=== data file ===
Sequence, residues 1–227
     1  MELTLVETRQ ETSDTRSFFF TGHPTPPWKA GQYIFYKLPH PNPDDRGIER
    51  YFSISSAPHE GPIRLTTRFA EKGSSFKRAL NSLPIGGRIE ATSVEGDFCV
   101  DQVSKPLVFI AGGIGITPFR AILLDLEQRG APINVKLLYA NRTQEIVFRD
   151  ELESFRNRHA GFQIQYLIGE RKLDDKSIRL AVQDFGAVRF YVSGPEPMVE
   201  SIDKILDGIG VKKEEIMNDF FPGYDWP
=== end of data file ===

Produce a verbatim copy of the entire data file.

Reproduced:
Sequence, residues 1–227
     1  MELTLVETRQ ETSDTRSFFF TGHPTPPWKA GQYIFYKLPH PNPDDRGIER
    51  YFSISSAPHE GPIRLTTRFA EKGSSFKRAL NSLPIGGRIE ATSVEGDFCV
   101  DQVSKPLVFI AGGIGITPFR AILLDLEQRG APINVKLLYA NRTQEIVFRD
   151  ELESFRNRHA GFQIQYLIGE RKLDDKSIRL AVQDFGAVRF YVSGPEPMVE
   201  SIDKILDGIG VKKEEIMNDF FPGYDWP